For many people, the Christian faith and poverty are deeply interconnected. Acts of charity are widely viewed as a key aspect of the Christian life, and the church has a long history of providing relief and advocacy for justice for the poor.
It’s somewhat puzzling then to discover that Christ himself said very little at all about poverty or the poor. And most of what he did say about poverty is actually rather troubling to those of us who have made tackling it a priority. In reading through the gospels there are, in fact, only five principle references to the poor, only one of which actually admonishes anyone to do anything about it. In that case, Jesus admonishes the rich young man to sell what he has and give it to the poor, but this seems to have much more to do with the plight of the rich man’s soul than it does with the plight of the poor.
The other times Jesus mentions the poor, he tells us that they are “blessed,” while the recounting of the poor widow putting her coins in the collection box praises the faith of the poor, but is silent on the condition of poverty itself. And in the most direct reference to the poor, Jesus admonishes the disciples for their charitable zeal, reminding them—and us—that “the poor will be with you always.” So when Jesus then instructs John’s disciples to report to John that “the good news is proclaimed to the poor,” we are left wondering what good news that could possibly be.
Although Jesus makes little specific mention of poverty per se, the gospels are full of references to him as a healer. While the word “poor” appears only 25 times in all four gospels combined, the words “heal” or “healing” appears 93 times. Although healing and poverty may seem somewhat distinct from each other, when we look at who it is that Jesus was healing, it is those same people who, throughout the Bible, are referred to almost synonymously with the poor. In other words, the widow, the alien, the afflicted and the fatherless.
What did it mean to be widowed, alien, afflicted or fatherless in biblical society? It meant to be outside the structures of family and community that sustained people. It meant to be excluded. So healing had a profound social dimension, as it involved intentionally engaging with those who were excluded. Where shunned, Jesus entered into relationship. The act of healing itself was a statement of the value he placed on those society chose to exclude.
And the impact of that healing was also deeply social. When he healed people with leprosy, he didn’t simply treat the disease, but restored them to their community. When he healed people who were blind or lame, he restored to them the ability to actively participate in community life in a time before disability benefits or social security.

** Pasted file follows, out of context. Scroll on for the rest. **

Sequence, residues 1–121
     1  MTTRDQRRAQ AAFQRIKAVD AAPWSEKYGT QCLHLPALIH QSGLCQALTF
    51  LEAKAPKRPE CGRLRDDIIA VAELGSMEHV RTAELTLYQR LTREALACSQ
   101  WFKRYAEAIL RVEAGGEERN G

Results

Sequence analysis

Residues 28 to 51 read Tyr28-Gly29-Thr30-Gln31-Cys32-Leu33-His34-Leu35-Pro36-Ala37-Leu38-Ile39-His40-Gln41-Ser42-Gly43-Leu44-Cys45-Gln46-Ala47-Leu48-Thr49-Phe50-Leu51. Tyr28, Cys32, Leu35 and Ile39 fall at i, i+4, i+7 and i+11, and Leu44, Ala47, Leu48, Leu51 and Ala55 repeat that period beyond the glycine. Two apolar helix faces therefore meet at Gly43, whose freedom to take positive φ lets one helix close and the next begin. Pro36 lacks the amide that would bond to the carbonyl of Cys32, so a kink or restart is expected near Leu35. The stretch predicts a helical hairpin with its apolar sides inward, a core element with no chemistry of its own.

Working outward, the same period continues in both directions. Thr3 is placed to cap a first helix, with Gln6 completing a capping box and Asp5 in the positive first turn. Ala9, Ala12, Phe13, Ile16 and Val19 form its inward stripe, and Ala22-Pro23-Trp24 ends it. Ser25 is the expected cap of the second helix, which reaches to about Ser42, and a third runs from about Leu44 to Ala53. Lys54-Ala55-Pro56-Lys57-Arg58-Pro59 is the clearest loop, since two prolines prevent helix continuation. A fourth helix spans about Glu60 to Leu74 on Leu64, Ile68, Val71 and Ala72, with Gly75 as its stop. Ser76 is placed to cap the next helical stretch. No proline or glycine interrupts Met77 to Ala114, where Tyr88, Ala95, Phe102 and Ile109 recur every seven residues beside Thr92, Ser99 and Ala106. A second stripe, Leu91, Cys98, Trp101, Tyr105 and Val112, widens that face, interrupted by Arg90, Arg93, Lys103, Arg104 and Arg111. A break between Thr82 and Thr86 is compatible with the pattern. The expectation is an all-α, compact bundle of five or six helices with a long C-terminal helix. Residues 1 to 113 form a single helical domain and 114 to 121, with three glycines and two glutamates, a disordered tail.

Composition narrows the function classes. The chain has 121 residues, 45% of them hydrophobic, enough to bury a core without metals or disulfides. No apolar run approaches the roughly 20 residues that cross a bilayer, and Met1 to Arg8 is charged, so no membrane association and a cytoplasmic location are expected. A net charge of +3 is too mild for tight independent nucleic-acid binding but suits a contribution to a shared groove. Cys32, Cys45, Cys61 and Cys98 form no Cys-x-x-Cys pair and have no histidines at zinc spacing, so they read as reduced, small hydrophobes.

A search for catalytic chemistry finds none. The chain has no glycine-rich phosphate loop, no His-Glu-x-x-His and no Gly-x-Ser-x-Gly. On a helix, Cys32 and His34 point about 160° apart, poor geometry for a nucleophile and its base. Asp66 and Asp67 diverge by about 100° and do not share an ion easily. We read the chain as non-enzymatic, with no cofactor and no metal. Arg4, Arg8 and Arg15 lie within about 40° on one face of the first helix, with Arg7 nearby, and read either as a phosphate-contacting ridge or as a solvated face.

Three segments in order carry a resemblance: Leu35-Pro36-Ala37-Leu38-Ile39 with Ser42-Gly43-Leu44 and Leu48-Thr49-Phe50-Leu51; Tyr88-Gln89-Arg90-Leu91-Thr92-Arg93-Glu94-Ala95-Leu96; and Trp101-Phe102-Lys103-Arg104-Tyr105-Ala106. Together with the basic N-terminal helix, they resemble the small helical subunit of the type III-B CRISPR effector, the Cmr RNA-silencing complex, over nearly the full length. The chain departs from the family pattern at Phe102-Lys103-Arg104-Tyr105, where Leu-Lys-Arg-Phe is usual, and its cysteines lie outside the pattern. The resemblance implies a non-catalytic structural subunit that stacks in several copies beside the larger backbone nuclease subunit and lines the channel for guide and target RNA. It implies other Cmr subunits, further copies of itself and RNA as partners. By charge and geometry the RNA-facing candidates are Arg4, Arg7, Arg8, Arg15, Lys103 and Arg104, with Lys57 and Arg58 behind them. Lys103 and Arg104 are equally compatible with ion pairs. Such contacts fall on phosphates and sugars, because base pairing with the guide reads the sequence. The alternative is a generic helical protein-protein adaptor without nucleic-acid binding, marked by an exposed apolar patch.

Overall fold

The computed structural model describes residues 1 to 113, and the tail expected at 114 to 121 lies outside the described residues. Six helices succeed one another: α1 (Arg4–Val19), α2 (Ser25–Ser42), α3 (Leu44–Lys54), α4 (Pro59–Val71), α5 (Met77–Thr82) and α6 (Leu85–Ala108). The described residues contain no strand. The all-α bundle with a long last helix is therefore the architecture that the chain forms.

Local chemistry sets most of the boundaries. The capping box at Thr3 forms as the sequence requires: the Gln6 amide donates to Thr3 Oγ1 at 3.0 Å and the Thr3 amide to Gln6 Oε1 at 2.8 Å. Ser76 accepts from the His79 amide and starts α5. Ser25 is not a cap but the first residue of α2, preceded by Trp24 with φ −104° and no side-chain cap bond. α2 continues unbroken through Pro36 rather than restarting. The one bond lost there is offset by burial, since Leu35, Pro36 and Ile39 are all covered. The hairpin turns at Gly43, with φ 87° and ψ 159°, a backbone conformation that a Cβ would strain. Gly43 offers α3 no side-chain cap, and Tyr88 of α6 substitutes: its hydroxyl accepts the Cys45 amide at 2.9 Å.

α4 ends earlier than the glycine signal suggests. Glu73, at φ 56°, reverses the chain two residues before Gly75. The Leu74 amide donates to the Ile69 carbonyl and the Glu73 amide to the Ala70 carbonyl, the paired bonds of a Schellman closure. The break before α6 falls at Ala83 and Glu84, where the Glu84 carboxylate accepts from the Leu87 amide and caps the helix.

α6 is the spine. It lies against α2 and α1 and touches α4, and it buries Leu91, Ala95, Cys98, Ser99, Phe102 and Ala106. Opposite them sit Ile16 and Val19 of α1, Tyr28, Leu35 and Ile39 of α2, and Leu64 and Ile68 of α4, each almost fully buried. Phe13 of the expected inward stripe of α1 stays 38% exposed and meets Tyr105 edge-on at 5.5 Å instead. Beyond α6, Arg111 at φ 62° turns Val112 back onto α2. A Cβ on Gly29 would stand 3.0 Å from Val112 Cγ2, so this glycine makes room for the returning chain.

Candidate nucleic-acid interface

Healing, then, did more than just repair the body; it brought people back inside the shelter of the community. And since those Jesus was healing were also those most often thought of as poor, his ministry of healing is a ministry to the poor and gives a glimpse of a new understanding of poverty. The real healing that took place was not so much the healing of the body, but of the broken relationships within community that led to poverty.
Not so much a problem to be fixed
When we look at it this way, poverty isn’t so much a problem to be fixed as it is a wound to be healed. Poverty separates. Poverty isolates. Poverty engenders guilt, shame and accusations. Poverty creates fear and helplessness.
A participant in a poverty workshop we held described poverty this way: “Emptiness, destitute, hopelessness, helplessness, sadness, darkness, lost, no identity, no self-esteem, coldness, ashamed, no voice, no family, no grandchildren, no smiles, no privacy, no laughter, no happiness. This is what living in poverty means.”
Interestingly, she made no mention of money. Rather, she talked about broken relationships and isolation, and the pain that accompanies them. She didn’t describe a problem; she spoke about a wound, a wound in the fabric of our community.
If poverty is a wound in the fabric of the community, it is a community of which we are all a part, and so we all are wounded. This is the wound that we experience, first, in our eagerness to disconnect from community as we idealize the value of independence. We idolize the self-made man or woman and the ideal of self-reliance, seeing ourselves and each other as competitors in a game with scarce resources in which we must fight for our share.